Chance hits back at weed claims

AGRICULTURE Minister Kim Chance has hit back at claims that he has gone soft on skeleton weed.

Mr Chance said it was not his intention, or that of the Agriculture Protection Board or the Department of Agriculture, to give up on trying to minimise the spread and impact of the weed.

WAFarmers said the recent skeleton weed review supported giving up on eradicating the weed.

It also called for a skeleton weed eradication board to be created to handle farmer funds raised through a levy to pay for the eradication of the weed.

Farmers pay a 35 cent per tonne of grain harvested levy.

Mr Chance said there were tight legal constraints on the use of graingrowers’ funds against skeleton weed under the Plant Pests and Diseases (Eradication Funds) Act.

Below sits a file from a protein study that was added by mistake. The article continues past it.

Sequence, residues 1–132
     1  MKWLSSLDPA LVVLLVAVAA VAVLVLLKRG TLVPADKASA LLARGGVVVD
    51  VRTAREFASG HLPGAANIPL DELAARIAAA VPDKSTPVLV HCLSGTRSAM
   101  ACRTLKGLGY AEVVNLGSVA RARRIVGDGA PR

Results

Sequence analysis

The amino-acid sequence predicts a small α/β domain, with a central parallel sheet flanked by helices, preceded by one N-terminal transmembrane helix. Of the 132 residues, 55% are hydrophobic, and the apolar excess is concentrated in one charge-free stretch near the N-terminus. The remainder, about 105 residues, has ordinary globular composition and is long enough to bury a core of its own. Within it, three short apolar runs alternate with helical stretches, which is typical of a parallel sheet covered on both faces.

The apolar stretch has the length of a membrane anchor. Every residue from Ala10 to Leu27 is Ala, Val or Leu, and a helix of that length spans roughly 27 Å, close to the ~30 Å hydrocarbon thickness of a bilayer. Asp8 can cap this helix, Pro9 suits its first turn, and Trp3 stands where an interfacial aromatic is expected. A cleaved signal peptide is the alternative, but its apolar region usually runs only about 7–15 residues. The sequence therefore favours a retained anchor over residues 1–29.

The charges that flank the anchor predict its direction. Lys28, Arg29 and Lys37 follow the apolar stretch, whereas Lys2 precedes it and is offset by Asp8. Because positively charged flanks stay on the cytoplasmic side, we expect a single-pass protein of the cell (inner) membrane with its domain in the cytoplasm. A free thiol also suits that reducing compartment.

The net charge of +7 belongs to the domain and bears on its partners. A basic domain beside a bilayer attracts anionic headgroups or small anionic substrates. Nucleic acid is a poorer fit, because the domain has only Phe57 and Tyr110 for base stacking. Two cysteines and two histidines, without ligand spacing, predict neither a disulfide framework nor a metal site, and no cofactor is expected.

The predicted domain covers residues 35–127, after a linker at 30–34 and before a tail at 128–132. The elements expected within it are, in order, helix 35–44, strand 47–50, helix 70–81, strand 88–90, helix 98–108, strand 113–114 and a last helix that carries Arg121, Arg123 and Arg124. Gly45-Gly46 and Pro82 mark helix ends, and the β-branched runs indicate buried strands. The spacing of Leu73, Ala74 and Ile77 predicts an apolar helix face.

“To continue collecting industry funds other than as provided under the legislation would place the APB and the Government in breach of the legislation,” he said.

“Proposed legislative changes will be implemented at the first available opportunity to increase graingrower involvement in decision-making regarding the funding and management of industry-funded programs such as skeleton weed.”

WAFarmers president Colin Nicholl said the new legislation would be welcome, but that it would still be some time away.

“We wanted a separate body to set up an authority that would manage skeleton weed eradication,” he said.

“The minister has said he can’t give us an authority, but he can give us a committee.

“Unfortunately, this committee will be appointed by the APB. We want farmers to be controlling it.”


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